The Graveyard People

It has often been said that children are more perceptive than adults.  They notice the little things that grown ups are too busy and preoccupied to see: a missed page during their bed-time story; or knowing where your resident family of spiders live.  For children, adults are strange creatures who live way up there, almost touching the sky and talking to the birds as they fly by.  They have a strange language that children cannot possibly hope to understand, and this works the other way round as well, because adults have no chance of understanding children.

When a child says to his mother, “Mummy, what do all those people in the graveyard do all day?”  She is bound to respond:  “People go there to remember their friends who’ve gone to live with God.”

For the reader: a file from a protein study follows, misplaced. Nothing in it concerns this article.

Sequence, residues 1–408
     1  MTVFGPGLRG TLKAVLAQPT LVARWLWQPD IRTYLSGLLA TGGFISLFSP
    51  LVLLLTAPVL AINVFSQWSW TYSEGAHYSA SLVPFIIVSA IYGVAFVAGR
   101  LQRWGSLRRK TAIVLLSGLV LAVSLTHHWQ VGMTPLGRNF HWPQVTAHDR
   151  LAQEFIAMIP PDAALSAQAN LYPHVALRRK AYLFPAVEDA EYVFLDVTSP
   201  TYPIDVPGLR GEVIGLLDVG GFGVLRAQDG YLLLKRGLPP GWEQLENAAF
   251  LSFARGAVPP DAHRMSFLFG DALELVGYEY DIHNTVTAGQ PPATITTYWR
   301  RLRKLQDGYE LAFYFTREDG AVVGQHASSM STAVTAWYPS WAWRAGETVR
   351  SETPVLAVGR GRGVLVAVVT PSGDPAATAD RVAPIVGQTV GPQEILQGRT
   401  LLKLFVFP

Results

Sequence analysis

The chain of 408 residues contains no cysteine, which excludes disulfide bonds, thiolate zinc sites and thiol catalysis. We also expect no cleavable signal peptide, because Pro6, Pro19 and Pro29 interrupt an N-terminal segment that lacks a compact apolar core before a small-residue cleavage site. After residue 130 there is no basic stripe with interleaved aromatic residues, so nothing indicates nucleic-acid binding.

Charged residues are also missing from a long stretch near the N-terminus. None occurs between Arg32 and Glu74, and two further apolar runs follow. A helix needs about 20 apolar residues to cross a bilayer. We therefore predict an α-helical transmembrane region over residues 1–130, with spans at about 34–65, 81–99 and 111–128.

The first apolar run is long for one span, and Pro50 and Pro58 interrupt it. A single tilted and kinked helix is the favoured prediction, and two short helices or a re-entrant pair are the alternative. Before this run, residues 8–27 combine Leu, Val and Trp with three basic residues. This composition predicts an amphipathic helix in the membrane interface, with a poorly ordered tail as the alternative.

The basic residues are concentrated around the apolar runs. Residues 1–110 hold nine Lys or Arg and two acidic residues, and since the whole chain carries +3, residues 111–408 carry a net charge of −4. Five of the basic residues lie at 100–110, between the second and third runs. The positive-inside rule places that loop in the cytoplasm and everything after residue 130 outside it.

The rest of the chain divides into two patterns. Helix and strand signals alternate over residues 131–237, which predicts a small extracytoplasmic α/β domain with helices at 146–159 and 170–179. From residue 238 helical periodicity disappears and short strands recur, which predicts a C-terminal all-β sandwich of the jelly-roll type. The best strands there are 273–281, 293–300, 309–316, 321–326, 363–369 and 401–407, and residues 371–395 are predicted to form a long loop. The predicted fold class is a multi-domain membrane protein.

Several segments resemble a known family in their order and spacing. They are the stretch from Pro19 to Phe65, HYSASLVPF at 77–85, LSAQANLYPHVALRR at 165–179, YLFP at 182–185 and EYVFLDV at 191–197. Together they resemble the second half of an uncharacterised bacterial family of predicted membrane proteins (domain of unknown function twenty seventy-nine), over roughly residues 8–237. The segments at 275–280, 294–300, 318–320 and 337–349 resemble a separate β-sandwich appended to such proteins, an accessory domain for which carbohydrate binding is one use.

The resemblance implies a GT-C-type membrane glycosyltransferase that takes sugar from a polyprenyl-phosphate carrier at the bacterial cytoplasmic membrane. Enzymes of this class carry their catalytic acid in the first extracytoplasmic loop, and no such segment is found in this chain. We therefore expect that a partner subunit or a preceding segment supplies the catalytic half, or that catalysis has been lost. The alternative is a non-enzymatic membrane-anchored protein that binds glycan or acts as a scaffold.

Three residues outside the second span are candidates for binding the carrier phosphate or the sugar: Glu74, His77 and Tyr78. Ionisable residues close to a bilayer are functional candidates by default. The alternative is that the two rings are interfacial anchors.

“No Mummy, I know that, but what about the ones who live in the graveyard and can’t ever leave?”

“Don’t be silly, darling,” said Mummy.  “You can always leave a graveyard!”

Mummies and grown ups in general are like this.  I think it’s because they are so high in the sky that they can’t see what we can see here lower down.

I asked my Mummy this because she knows everything, but her answer didn’t please me this time, because I’ve seen the Graveyard People.  There are millions of them!  (Well, I’m not sure if there are actually millions because I’ve never been able to count that high!  But there certainly are a lot!).  “The Graveyard People”.  That makes them sound scary and horrible, but they’re people just like me – even some are my age!  There are others like Mummy and Daddy, and Granny and Grandad, and others who wear the oddest clothes I’ve ever seen!  I see them on the way to school and on the way back passing through the cemetery behind the church we go to on Sundays.